Arts and Economic Prosperity Report Arts and Economic Prosperity: The Economic Impact of Nonprofit Arts Organizations and Their Audiences, released on June 10, 2002, reveals that America's nonprofit arts industry generates $134 billion in economicactivity every year, including $24.4 billion in federal, state, and local tax revenues.

Arts Education in Public Schools Resource Center: Supportive Research Americans for the Arts and the National School Boards Association haveteamed up to compile a very comprehensive online resource center, Arts Education in Public Schools, which covers topics such as arts and academic achievement, arts education policy, assessing the needs of your district, making arts education a priority, funding resources and other valuable resources.

Arts Education Partnerships: Lessons Learned from One School District's Experience Examines the range of arts programming partnerships in the Los Angeles Unified School District and provides feedback from principals, teachers, arts organizations and district arts advisors on the challenges and obstacles in these partnerships.

Arts in Public Policy The newest issue of the National Assembly of State Arts Agencies (NASAA)Advocate publication, The Arts in Public Policy: An Advocacy Agenda, provides research findings and facts demonstrating the impact of the arts in five areas: education, youth at risk, business, tourism and economic development. Presented in an easy-to-read, bulleted format, it also incorporates quotations from non-arts leaders. This latest addition to the Advocate series is a useful tool for illustrating the benefits of public investment in the arts and getting the arts on the policy agenda.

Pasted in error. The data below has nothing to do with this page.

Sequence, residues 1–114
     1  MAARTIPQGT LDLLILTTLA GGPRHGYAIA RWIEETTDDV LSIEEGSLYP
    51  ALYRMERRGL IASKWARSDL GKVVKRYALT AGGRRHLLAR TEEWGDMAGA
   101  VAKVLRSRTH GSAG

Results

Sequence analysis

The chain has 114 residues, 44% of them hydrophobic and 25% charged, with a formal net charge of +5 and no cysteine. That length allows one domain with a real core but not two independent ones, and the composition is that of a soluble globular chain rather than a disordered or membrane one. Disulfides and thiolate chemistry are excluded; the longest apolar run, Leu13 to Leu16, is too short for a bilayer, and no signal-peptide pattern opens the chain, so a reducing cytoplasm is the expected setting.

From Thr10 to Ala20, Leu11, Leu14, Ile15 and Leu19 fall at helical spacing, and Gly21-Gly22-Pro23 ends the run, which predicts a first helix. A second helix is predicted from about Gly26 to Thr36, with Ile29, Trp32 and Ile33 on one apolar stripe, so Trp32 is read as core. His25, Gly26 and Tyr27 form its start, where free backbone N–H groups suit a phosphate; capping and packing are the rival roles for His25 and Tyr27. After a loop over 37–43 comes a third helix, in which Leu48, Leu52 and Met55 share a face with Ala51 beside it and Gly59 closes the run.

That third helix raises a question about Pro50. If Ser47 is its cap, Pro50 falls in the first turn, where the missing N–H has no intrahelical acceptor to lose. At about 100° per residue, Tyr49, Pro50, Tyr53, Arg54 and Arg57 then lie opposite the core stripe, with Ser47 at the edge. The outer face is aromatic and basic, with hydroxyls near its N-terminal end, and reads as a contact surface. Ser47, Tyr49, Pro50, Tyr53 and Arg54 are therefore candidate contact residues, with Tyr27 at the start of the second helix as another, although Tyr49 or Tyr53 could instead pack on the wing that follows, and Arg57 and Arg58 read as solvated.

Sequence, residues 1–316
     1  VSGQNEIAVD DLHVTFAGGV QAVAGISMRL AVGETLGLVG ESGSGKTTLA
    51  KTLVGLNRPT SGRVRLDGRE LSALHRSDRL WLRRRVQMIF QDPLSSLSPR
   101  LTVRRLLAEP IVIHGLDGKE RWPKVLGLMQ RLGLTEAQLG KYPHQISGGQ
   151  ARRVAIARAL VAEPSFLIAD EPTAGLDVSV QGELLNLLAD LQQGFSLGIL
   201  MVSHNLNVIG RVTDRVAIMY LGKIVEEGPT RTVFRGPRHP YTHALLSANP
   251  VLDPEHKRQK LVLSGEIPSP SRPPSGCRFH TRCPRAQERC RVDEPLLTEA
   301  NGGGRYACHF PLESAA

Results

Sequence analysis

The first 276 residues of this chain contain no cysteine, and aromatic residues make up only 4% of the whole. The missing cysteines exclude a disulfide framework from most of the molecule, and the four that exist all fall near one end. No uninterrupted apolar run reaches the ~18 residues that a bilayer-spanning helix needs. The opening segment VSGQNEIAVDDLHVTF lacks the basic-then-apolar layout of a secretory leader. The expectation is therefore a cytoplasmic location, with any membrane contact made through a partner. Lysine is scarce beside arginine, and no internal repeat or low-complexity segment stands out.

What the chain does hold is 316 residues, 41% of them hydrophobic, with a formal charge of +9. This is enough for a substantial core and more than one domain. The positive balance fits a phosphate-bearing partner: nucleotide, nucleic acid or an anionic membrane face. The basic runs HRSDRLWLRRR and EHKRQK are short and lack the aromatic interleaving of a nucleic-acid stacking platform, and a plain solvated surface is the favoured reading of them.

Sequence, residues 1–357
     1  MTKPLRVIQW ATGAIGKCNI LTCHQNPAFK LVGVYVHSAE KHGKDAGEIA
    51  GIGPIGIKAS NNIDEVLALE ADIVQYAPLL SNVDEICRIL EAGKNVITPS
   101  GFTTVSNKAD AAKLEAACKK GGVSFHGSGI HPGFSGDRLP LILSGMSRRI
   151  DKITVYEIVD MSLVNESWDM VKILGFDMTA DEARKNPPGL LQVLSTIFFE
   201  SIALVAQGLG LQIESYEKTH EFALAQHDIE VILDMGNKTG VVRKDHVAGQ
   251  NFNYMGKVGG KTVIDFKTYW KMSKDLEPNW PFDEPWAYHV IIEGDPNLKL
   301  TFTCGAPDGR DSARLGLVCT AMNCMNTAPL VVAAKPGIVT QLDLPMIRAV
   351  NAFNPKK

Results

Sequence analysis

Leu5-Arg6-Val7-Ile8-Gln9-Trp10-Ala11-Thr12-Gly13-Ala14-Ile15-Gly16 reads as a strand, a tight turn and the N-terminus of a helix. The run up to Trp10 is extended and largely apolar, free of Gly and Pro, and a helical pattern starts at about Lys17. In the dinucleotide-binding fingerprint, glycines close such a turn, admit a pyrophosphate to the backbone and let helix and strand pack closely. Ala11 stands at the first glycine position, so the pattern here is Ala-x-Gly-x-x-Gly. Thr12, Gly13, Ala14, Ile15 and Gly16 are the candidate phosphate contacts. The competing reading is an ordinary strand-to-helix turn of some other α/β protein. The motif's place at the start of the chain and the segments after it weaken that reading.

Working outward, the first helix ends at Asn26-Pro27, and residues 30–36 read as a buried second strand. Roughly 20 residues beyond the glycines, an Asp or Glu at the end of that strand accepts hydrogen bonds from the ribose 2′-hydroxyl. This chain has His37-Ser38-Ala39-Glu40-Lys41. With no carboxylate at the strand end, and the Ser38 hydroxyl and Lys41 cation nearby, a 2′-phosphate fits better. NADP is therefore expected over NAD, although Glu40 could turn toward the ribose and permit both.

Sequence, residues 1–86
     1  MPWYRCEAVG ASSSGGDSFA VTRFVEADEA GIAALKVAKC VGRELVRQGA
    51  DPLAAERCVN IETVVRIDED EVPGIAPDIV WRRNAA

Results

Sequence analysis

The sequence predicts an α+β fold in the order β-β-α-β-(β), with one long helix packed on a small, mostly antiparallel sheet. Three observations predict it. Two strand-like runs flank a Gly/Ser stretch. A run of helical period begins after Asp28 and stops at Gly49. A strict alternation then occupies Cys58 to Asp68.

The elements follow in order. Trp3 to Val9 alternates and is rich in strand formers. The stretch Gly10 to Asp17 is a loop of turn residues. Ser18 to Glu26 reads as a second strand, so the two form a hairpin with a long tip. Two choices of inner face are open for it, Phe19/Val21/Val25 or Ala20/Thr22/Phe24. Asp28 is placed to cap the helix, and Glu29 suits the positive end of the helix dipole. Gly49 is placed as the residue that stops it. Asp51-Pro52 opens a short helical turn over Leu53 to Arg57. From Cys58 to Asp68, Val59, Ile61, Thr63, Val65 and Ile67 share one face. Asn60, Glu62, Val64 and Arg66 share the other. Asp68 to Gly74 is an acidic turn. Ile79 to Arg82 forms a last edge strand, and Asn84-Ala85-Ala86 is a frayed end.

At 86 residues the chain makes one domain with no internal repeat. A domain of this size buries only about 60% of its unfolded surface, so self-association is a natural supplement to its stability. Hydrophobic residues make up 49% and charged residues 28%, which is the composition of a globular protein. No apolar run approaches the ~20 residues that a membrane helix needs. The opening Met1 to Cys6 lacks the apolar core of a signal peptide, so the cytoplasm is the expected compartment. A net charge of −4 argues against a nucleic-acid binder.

Arts with The Brain in Mind Arts with The Brain in Mind, written by neuroscientist Eric Jensen, explores research on the arts and its affect on learning.

Art Works: An Arts Advocacy Video Available fromGlencoe McGraw-Hill, this video features students, educators, parents, and business leadersgiving reasons to support the case for arts education.

Champions of Change: The Impact of Arts Researchers found that learners can attain higher levels of achievement through their engagement with the arts. Moreover, one of the critical research findings is that the learning in and through the arts can help level the playing field for youngsters from disadvantaged circumstances.